Manitoba is a Canadian prairie province. The province, with an area of , has a largely continental climate, with thousands of lakes and many rivers. Agriculture, mostly concentrated in the fertile southern and western parts of the province, is vital to the province's economy; other major industries are transportation, manufacturing, mining, forestry, energy, and tourism.
Manitoba's capital and largest city, Winnipeg, is Canada's eighth-largest Census Metropolitan Area, and home to 60 percent of the population of the province. Winnipeg is the seat of government, home to the Legislative Assembly of Manitoba and the highest court in the jurisdiction, the Manitoba Court of Appeal. Four of the province's five universities, all four of its professional sports teams, and most of its cultural activities are located in Winnipeg.
Fur traders first arrived during the late 17th century and Manitoba was the heart of Rupert's Land, owned by the Hudson's Bay Company. Manitoba became a province of Canada in 1870 after the Red River Rebellion. A general strike took place in Winnipeg in 1919, and the province was hit hard by the Great Depression. This led to the creation of what would become the New Democratic Party of Manitoba, one of the province's major political parties and currently in power, led by premier Greg Selinger.
First Nations and European settlement
The geographical area of modern-day Manitoba was inhabited by the First Nations people shortly after the last ice age glaciers retreated in the southwest approximately 10,000 years ago; the first exposed land was the Turtle Mountain area. The Ojibwe, Cree, Dene, Sioux, Mandan, and Assiniboine peoples founded settlements, and other tribes entered the area to trade. In Northern Manitoba, quartz was mined to make arrowheads. The first farming in Manitoba was along the Red River, where corn and other seed crops were planted before contact with Europeans.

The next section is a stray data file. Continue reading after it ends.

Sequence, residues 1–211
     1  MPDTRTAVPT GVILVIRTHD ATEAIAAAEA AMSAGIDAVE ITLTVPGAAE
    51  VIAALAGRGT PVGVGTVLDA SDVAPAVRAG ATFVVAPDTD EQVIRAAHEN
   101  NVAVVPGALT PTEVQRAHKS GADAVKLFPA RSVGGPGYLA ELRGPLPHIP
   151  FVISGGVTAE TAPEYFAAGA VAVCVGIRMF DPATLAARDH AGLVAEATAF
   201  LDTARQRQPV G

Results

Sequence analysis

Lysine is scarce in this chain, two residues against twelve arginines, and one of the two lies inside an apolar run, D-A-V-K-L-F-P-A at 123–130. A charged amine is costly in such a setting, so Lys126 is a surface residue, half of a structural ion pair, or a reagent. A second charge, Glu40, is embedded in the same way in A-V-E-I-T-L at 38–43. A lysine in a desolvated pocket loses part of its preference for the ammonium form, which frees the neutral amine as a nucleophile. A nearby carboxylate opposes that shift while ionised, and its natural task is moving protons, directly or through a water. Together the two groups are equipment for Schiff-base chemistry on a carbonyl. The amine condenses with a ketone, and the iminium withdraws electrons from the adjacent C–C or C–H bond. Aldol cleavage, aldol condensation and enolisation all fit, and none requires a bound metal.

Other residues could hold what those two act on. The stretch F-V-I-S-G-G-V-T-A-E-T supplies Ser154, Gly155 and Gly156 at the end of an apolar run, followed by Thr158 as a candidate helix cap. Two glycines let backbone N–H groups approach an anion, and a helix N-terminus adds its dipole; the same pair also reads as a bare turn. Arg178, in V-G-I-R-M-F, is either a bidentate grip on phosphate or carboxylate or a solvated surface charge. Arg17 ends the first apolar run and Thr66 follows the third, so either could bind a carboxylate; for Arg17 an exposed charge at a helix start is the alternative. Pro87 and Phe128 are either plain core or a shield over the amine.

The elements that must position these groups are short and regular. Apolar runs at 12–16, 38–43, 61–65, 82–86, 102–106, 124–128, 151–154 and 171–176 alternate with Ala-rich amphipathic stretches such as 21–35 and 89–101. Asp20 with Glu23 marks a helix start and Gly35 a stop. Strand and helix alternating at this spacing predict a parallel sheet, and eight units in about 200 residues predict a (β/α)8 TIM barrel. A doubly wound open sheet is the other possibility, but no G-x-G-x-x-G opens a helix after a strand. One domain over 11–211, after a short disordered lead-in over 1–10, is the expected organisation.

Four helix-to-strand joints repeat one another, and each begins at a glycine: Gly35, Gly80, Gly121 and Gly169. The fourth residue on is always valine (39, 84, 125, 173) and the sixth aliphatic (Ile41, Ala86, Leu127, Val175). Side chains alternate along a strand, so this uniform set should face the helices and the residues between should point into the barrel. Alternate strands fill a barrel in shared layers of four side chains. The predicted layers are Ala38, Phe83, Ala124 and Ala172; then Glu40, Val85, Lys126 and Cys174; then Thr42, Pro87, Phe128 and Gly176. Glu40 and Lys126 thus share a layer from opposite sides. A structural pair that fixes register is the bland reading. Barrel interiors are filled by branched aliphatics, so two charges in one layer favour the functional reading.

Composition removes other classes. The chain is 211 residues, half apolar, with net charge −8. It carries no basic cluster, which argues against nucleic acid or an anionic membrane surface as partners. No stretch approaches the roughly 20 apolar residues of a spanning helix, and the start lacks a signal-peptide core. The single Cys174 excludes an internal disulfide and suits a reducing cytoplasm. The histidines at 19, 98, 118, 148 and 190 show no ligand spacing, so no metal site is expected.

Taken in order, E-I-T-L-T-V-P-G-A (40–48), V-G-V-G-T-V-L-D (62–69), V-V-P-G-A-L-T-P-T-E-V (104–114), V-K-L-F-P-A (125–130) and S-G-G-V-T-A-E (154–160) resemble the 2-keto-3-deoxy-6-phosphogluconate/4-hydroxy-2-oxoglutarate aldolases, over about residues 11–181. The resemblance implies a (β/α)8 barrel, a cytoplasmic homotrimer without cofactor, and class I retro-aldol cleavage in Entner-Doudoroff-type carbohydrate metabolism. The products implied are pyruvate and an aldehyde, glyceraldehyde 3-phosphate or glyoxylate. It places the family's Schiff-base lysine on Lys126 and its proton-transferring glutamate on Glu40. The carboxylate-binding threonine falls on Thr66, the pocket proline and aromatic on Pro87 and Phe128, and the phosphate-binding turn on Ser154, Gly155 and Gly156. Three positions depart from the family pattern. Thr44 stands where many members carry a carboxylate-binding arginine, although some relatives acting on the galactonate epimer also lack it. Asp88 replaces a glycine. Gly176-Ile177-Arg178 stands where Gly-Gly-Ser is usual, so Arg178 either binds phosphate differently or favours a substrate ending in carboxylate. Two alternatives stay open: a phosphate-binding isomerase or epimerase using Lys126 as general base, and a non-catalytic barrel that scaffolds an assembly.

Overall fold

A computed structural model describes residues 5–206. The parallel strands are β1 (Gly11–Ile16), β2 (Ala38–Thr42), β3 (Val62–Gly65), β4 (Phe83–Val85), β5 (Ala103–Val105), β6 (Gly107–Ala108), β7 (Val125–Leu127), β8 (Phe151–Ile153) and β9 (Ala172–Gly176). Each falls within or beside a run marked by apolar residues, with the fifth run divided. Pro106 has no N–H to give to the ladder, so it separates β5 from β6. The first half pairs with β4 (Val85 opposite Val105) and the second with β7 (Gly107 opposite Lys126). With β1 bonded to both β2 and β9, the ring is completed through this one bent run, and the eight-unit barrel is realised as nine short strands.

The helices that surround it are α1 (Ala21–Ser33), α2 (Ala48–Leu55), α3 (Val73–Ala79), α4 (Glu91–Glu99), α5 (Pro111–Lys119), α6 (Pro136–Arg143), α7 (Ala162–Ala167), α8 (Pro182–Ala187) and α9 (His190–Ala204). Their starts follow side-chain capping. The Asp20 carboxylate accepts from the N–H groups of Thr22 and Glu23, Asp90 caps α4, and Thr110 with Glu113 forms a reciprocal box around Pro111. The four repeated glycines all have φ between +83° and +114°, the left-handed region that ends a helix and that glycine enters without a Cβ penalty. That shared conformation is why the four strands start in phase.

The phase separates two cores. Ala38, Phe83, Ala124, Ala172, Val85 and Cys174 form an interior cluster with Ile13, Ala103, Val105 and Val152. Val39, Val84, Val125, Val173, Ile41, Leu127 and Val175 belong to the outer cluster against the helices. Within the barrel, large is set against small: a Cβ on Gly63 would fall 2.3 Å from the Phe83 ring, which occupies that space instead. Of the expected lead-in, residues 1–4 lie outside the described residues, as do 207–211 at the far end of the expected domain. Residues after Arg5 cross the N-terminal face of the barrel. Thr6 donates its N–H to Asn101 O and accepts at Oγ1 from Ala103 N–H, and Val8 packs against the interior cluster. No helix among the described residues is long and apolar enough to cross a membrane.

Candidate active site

Pierre Gaultier de Varennes, sieur de La Vérendrye, visited the Red River Valley in the 1730s to help open the area for French exploration and trade. As French explorers entered the area, a Montreal-based company, the North West Company, began trading with the Métis. Both the North West Company and the Hudson's Bay Company built fur-trading forts; the two companies competed in southern Manitoba, occasionally resulting in violence, until they merged in 1821 (the Hudson's Bay Company Archives in Winnipeg preserve the history of this era).
Great Britain secured the territory in 1763 as a result of their victory over France in the North American theatre of the Seven Years' War, better known as the French and Indian War in North America; lasting from 1754 to 1763. The founding of the first agricultural community and settlements in 1812 by Lord Selkirk, north of the area which is now downtown Winnipeg, resulted in conflict between British colonists and the Métis. Twenty colonists, including the governor, and one Métis were killed in the Battle of Seven Oaks in 1816. Thomas Spence attempted to be President of the Republic of Manitobah in 1867, that he and his council named.